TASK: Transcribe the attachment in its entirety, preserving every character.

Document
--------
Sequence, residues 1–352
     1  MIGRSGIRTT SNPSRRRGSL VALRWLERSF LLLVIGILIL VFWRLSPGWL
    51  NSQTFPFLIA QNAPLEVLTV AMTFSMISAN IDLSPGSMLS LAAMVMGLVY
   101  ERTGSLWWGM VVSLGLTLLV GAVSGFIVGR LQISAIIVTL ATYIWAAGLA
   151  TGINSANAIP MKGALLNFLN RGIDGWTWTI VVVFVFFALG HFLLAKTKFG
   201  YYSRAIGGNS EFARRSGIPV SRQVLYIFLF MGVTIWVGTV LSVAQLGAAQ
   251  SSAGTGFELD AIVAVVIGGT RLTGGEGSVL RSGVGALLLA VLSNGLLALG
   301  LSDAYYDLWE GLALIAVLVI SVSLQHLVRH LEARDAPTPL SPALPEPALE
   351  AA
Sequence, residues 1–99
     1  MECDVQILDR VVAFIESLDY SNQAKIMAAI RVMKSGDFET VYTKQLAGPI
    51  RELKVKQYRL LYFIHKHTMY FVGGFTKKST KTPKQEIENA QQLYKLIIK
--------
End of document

Sequence, residues 1–352
     1  MIGRSGIRTT SNPSRRRGSL VALRWLERSF LLLVIGILIL VFWRLSPGWL
    51  NSQTFPFLIA QNAPLEVLTV AMTFSMISAN IDLSPGSMLS LAAMVMGLVY
   101  ERTGSLWWGM VVSLGLTLLV GAVSGFIVGR LQISAIIVTL ATYIWAAGLA
   151  TGINSANAIP MKGALLNFLN RGIDGWTWTI VVVFVFFALG HFLLAKTKFG
   201  YYSRAIGGNS EFARRSGIPV SRQVLYIFLF MGVTIWVGTV LSVAQLGAAQ
   251  SSAGTGFELD AIVAVVIGGT RLTGGEGSVL RSGVGALLLA VLSNGLLALG
   301  LSDAYYDLWE GLALIAVLVI SVSLQHLVRH LEARDAPTPL SPALPEPALE
   351  AA
Sequence, residues 1–99
     1  MECDVQILDR VVAFIESLDY SNQAKIMAAI RVMKSGDFET VYTKQLAGPI
    51  RELKVKQYRL LYFIHKHTMY FVGGFTKKST KTPKQEIENA QQLYKLIIK